In return for carrying out parallel and verifiable reductions alongside Russia, the United States could reasonably demand quite a bit from the Kremlin, including revisions of the ABM Treaty to permit limited defensive deployments, and extending the scope of co-operative threat reduction programs to include the irreversible dismantlement of nuclear warheads for tactical as well as strategic forces.

As with any other military program, missile defenses should not be asked to perform missions that are not achievable, and taxpayers should not be asked to write a blank check for an ambitious program beyond its reach. Missile defense programs must therefore have a clearly defined, achievable mission. Oversight is needed to ensure that missile defense technologies are proven under repeated, rigorous testing, and that Amission creep@ does not raise the bar for defenses beyond which their effectiveness has been proven.

For the foreseeable future, only limited missions for national missile defenses might be achievable, depending on future flight test results against non-co-operative targets. Some states of proliferation concern will have small missile forces that could place US forward-deployed forces, US allies and friends, and even US soil at risk. In addition, the threat of a limited, unauthorized launch of ballistic missiles from Russian soil cannot be entirely excluded, especially if centrifugal forces within Russia continue to grow. In all of these cases, the launch of a ballistic missile with a weapon of mass destruction constitutes a low probability, but high consequence event that can no longer be dismissed. These limited threats call for limited defenses which can be accommodated by modest amendments to the ABM Treaty.

Why not proceed with unlimited defenses? Because unconstrained defenses will prompt the demise of most co-operative threat reduction efforts with both Russia and China. Unlimited defenses will also mean the demise of treaties governing nuclear offenses which, in turn, will turn the Non-Proliferation Treaty into a hollow document.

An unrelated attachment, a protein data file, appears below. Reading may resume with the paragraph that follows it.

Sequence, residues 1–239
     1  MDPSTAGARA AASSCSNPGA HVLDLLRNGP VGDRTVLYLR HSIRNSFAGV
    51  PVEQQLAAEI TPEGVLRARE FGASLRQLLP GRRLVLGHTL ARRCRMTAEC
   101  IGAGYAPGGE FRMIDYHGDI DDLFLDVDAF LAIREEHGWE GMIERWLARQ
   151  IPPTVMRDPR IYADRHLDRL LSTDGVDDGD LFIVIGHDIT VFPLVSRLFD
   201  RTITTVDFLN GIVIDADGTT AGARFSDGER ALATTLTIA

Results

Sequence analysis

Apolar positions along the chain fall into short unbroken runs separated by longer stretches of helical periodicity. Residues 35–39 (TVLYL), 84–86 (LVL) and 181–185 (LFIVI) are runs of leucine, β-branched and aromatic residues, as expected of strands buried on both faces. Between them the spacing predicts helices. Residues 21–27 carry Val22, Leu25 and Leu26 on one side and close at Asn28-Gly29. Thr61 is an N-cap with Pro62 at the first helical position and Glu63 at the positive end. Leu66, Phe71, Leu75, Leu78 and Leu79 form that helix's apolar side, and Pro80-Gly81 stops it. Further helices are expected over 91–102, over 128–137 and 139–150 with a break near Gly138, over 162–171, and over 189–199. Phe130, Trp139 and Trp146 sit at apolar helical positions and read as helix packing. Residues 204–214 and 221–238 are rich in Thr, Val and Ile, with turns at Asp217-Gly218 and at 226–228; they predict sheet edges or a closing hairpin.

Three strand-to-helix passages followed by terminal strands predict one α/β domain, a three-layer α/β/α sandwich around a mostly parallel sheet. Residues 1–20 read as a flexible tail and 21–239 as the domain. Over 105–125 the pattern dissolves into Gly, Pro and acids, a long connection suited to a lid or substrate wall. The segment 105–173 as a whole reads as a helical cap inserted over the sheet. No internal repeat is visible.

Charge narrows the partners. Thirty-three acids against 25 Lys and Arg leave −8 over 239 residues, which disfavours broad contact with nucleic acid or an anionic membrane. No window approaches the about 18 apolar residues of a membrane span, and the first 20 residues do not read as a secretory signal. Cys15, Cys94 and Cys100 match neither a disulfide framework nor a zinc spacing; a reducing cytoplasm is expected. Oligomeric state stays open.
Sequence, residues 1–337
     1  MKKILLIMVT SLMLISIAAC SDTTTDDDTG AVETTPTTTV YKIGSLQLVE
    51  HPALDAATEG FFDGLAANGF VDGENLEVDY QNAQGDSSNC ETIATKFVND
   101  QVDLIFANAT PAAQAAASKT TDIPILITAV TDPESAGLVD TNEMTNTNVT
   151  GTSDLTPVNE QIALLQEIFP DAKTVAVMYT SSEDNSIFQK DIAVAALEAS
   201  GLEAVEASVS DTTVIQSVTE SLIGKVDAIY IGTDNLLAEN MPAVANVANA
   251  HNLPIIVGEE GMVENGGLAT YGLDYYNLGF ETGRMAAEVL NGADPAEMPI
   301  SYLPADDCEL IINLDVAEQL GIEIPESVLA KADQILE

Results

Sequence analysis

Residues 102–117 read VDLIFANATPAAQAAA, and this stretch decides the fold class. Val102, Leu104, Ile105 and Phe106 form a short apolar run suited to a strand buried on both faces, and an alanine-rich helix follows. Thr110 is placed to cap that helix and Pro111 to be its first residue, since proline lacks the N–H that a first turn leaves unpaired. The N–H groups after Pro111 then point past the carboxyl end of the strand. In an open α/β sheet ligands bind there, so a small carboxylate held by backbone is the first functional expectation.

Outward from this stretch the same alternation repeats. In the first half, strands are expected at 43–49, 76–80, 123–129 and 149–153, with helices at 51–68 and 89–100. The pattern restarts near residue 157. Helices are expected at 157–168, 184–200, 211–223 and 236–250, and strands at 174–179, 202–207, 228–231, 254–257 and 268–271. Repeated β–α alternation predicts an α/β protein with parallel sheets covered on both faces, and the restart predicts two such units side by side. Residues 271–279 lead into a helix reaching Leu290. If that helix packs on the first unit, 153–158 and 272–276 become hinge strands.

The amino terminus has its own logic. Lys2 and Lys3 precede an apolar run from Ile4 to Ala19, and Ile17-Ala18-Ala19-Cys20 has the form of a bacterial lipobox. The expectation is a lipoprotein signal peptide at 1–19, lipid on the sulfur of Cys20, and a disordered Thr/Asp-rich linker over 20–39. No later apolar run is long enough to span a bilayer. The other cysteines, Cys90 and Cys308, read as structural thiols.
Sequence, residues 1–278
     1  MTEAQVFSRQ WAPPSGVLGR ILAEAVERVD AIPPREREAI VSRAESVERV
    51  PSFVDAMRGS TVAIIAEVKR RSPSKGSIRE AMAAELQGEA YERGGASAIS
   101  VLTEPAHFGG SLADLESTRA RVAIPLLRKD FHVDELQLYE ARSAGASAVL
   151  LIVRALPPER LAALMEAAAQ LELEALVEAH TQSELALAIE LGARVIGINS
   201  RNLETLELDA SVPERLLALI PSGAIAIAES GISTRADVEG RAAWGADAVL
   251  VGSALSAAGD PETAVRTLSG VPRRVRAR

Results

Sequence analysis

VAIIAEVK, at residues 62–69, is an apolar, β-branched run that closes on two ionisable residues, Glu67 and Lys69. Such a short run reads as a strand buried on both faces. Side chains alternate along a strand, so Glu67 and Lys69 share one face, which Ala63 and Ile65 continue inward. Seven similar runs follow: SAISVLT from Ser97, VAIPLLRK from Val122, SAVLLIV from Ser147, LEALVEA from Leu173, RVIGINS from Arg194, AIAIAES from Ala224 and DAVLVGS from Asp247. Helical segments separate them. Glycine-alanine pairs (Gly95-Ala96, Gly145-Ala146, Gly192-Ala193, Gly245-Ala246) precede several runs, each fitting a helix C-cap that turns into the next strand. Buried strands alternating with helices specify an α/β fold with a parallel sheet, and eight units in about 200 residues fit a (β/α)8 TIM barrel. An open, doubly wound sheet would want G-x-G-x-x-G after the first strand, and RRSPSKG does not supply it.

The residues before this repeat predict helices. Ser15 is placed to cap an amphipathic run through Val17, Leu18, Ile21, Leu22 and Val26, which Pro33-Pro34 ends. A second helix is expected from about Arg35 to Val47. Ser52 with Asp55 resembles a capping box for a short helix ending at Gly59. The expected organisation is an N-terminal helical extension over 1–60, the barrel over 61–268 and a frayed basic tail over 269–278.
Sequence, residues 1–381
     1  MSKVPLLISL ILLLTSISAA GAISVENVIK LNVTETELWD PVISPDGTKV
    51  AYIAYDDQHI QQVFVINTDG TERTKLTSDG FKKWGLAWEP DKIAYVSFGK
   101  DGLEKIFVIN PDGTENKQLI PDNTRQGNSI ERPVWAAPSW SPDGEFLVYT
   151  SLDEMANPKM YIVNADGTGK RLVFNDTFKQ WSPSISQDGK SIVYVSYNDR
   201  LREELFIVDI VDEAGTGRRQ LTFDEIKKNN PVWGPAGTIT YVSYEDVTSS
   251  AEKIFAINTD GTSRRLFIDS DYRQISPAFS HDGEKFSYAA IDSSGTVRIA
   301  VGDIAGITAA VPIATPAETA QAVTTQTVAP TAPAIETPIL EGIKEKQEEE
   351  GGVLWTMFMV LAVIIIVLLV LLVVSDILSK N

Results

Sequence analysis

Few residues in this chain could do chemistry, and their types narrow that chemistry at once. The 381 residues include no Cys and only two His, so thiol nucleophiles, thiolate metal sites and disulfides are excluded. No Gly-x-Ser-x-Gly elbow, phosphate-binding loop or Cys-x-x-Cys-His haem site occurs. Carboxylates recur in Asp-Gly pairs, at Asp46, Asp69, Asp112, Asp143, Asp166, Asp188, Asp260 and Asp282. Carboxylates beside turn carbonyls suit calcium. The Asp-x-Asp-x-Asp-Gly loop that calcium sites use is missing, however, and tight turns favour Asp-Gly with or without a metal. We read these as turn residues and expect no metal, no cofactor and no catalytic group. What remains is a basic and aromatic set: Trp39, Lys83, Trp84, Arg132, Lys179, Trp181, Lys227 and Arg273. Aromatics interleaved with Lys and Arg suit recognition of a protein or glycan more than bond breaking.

Can the benefits of unconstrained defenses outweigh the attendant costs?

An entirely different calculus applies to limited national defenses. Limited defenses, if proven under rigorous testing, can offer political as well as military benefits, and can be pursued within the context of co-operative threat reduction efforts. Will limited defenses work perfectly if needed? If perfection is the required standard, then government spending of all kinds would be greatly reduced. Does it make sense to seek to intercept missiles when there are other, simpler means of wreaking havoc with weapons of mass destruction? Yes B as long as counters to other means of delivery are also pursued.

Under troubling post-Cold War circumstances, a modest insurance policy against missile threats is worth buying. Buying too much insurance is not a wise use of taxpayer dollars. Abrogating treaties to deploy heavy defenses against light threats is profoundly unwise, in my view.

The launch of extended-range missiles carrying weapons of mass destruction B and the resulting break down of deterrence -- would be a seminal event. National and theater missile defenses can help lessen the likelihood of this tragic circumstance by demonstrating US resolve to defend forces and friends, as well as by countering states that seek to use missiles to extend their coercive influence in troubled regions. The political utility of missile defenses could be as important as their military effectiveness B if missile defenses are pursued in the context of collaborative approaches rather than by trashing treaties.

The approach suggested here involves bilateral US-Russian negotiations as well as extensive consultations between the executive and legislative branches in both countries. While amended treaty constraints are envisaged, less formal arrangements could well play a larger role. Co-operative threat reduction efforts would need to extend beyond current Nunn-Lugar and lab-to-lab programs. The next frontiers for co-operative threat reduction are reduced launch readiness for nuclear forces and the verifiable, irreversible dismantlement of nuclear warheads -- tasks best tackled outside of treaties.

The debate over deep cuts vs. defenses made sense during the Cold War, but it has now been overtaken by events. Both arms control advocates and strategic defense enthusiasts want to reduce nuclear dangers, but they are too wedded to old arguments to join in common cause. These tired debates no longer make sense to most Americans, who support deep cuts as well as defenses. Both objectives can be compatible and stabilizing as long as they are pursued co-operatively. The next administration and members of Congress face the challenge of turning common sense into national policy.